Institutions

Spinning

Lorcan 1 min read

I have observed that ‘concentration’ – of data, of connections, of computing capacity – is major feature of Web 2.0. Nick Carr talked about the centripetal web the other day, and this was picked up in an interesting way by Mark Dahl:

With the web as the medium, it becomes that much easier to take the IT department (or the library for that matter) out of the loop when provisioning software or academic content. The HR department, the development office, or an academic department can select content or services over the Internet that meets their needs. User communities for cloud software and services can easily transcend institutional boundaries and make what used to be isolated choices seem less so. Nick Carr recently discusses how cloud computing is exerting a centripetal force throughout the web as a whole, with a trend toward centralization. In the context of an organization, it’s exerting a centrifugal force: it is now much easier for a department or professor to deploy a multi-user application (eg VoiceThread, a NITLE favorite) without the participation of the IT department.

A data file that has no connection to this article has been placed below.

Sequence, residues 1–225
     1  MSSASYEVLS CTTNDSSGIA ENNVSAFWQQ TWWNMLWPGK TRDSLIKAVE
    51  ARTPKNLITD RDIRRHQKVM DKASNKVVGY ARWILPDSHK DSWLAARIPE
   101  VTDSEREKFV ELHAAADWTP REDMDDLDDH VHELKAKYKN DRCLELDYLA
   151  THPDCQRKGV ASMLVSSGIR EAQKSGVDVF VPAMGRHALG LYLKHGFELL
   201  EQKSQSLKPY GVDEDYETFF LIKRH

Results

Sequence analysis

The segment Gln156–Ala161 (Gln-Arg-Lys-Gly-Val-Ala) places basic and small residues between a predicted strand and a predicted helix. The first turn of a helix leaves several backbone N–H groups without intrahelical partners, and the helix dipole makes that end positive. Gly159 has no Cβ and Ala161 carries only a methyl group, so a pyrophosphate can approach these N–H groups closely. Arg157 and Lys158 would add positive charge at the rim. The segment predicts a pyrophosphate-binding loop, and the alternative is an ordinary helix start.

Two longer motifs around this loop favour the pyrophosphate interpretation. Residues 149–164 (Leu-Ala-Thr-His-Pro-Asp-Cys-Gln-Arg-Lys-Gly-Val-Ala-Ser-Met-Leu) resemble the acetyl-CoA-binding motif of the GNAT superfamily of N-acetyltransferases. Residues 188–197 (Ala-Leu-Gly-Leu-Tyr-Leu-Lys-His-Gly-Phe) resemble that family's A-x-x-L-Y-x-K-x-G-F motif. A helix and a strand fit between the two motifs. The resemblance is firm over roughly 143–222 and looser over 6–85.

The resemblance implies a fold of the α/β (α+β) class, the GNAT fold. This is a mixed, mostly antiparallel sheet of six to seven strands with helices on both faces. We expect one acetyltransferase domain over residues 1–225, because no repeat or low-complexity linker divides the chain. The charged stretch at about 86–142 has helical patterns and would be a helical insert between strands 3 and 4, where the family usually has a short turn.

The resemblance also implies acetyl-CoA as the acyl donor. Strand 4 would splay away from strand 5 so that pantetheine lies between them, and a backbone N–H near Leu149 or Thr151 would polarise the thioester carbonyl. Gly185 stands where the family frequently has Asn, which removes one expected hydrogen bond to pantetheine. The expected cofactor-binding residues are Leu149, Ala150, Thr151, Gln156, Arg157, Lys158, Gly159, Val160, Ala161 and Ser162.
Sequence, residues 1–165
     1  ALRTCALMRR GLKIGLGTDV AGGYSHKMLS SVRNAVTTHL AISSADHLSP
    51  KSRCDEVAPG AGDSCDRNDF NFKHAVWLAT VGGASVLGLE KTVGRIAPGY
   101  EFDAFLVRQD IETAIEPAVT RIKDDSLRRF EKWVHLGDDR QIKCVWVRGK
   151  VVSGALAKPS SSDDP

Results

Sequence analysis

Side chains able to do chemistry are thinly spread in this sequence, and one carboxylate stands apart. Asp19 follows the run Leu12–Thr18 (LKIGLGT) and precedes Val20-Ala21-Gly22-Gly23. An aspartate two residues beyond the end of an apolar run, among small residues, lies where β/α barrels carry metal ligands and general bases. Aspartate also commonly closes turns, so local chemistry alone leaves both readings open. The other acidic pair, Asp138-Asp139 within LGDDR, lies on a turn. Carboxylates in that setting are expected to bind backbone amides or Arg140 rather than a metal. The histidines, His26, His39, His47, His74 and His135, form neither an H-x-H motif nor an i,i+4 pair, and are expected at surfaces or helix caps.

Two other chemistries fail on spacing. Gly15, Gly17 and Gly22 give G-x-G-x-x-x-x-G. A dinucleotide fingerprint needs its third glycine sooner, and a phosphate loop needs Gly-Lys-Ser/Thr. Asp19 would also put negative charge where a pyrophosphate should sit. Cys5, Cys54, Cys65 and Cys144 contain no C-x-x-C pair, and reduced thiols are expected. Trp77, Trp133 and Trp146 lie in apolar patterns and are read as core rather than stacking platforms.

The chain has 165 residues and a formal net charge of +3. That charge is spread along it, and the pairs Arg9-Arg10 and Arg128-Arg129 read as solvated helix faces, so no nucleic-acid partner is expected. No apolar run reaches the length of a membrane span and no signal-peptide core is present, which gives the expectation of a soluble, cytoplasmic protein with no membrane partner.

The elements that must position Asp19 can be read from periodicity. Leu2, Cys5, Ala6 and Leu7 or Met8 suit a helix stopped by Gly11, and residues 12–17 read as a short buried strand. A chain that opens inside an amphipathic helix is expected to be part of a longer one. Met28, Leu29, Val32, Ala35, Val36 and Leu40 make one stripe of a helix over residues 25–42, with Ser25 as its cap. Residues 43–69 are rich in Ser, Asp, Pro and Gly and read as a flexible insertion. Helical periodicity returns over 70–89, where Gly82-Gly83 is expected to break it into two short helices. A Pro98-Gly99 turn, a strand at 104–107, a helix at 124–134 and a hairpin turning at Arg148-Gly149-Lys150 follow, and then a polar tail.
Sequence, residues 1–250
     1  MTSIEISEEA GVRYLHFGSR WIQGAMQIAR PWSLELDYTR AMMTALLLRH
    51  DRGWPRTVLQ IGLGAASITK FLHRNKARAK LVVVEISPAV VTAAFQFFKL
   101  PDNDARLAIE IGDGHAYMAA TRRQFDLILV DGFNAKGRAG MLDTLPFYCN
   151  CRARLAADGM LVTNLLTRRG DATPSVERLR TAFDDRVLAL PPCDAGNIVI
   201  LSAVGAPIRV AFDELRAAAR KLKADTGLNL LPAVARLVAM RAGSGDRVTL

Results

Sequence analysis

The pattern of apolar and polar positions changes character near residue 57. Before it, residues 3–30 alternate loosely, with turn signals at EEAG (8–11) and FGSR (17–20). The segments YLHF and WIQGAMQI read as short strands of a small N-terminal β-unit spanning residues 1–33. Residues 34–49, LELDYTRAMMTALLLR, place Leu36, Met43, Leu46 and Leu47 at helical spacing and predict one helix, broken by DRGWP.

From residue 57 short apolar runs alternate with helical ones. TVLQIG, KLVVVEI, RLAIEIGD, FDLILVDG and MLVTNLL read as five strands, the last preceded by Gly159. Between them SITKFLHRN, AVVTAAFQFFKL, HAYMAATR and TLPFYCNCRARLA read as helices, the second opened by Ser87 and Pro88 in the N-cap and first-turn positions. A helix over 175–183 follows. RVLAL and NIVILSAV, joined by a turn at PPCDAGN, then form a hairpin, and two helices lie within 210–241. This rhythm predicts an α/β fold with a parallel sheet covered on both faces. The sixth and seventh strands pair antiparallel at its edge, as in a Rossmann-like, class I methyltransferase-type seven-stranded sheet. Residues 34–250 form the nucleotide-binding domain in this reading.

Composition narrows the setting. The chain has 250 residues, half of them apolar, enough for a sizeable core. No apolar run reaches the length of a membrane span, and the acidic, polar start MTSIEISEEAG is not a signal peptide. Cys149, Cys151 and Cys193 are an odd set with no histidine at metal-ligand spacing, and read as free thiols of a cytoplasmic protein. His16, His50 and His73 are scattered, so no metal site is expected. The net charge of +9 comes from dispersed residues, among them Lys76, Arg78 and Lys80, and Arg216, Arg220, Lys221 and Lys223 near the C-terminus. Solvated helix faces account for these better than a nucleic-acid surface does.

[synthesize-specialize-mobilize: thoughts ahead of NITLE Cloud Computing Event]

This is an example of a major trend. Universities have internalized particular IT or information management activities because there were advantages in doing this, and have developed organizational structures to manage them. It was more efficient for some things to be done centrally within the institution, so that individual departments, or individual faculty, students or administrators, did not have to individually procure them. E-mail and current awareness services might be examples. However, the network changes this dynamic. It may be more efficient for some things to be done at the network level, and the incentives to use or to provide some institutional services change. Departments or individuals increasingly have alternative options for many institutional services, and institutional service providers may have a variety of sourcing models (do I try and build local social networking capacity for students, or do I use an external service; do I create resource pages, or do I use delicious; and so on).

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